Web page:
Tag Archives: preparation

Safe Travel Each Step of the Way

Safe Travel

Summer travel season is upon us, and preparing for safe travel is important, especially if you have an illness.

First, learn about your destination to check for any local health notices or immunizations you might need first.

Safety Wherever You Go

 

Think about your health before you book. From illness and surgery recovery to pregnancy, check if you’re safe to fly.

Fly Smart

 

See a doctor before you take off to make sure you’re up-to-date on key shots or healthy enough for planned activities.

Vaccines for Travel

 

Pack carefully to protect yourself, especially if you need medicines or care while you’re traveling.

Pack for Your Health

 

Be prepared for the signs and what to do if you know you’re at higher risk of health issues while traveling.

Healthy and Prepared on Vacation

 

Make sure your family or friends (and government entities depending on where you’re traveling) know your travel plan.

Share Your Travel Plan

 

Know you’re covered with a copayment or coinsurance for ER and urgent care if you get sick while traveling.

And check out Assist America, which helps connect you to services when you get sick while traveling.

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Relaxing Against Stress in Chicago

My Healthy Journey: Spring Cleaning Your Life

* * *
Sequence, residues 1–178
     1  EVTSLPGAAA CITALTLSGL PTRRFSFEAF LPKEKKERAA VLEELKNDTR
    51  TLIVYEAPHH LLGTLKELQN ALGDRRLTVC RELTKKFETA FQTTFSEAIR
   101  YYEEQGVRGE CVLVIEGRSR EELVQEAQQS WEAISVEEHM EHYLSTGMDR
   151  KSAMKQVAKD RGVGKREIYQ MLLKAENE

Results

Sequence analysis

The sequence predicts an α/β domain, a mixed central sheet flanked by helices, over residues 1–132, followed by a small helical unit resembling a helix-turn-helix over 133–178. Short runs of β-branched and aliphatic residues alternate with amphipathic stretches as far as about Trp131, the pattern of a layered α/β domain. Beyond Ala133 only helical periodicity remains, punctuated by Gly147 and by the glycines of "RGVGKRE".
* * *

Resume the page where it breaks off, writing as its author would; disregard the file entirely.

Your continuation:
This last year has been a long and busy one, and I’m going to be pretty honest when I say I’m exhausted, filled with stress, and not feeling very healthy. The good news is that while I feel that way, it’s not entirely true.

I started working a lot of overtime last May, and it didn’t end until December. And even when I stopped working extra, I was still very busy when I was on the clock.

More than 46% of Americans’ workplace stress is caused by their workload, so I know I’m not alone in putting stress on myself to get things done. And when your levels of this kind of stress get too high, you’re more likely to develop high blood pressure, heart attacks, and other disorders, according to The American Institute of Stress.

Then, in February, I started packing to move again. I tried my best to declutter my stuff. (I donated a lot of old clothes and tossed any traces of college notebooks and many unnecessary knick-knacks. And after moving all my books, I’m once again wondering if a Kindle is the way to go, but you just can’t replace the smell of physical books!)

From there, my pup and I moved into my friend’s apartment, where we’ve gained the company of this gorgeous (and crazy) puppy.

Quinn, Our New Friend

So you could say that I’m probably suffering from one problem that’s causing that exhaustion: stress, stress, and more stress.

The good news is I’ve been taking steps to fight it.

First, my boss and I worked out an arrangement where I get to work from home on some days. Not only does this make eating healthy easier (I don’t have to be as prepared in advance) and allows me to document my food on our Instagram any day of the week, but it also lets me have a few days a week that I know will be calm(er). No matter how crazy things online get, I’m sitting in my own bed with my best stress-buster, Tootsie, by my side.

Tootsie By My Side
I mean, just look at that face.

My friend is also a certified physical trainer, so, now hold your breath on this one… I’ve also been going to the gym! *gasp*

I know, it’s been building to this for over a year, and finally, I’m a pretty regular gym-goer.

The first day, I was shocked by how weak I’d really become (doing 10 real pushups was really hard), and I’ve had a number of realizations about how pullups make me hate everything. The first few weeks, I was so sore I could barely stand.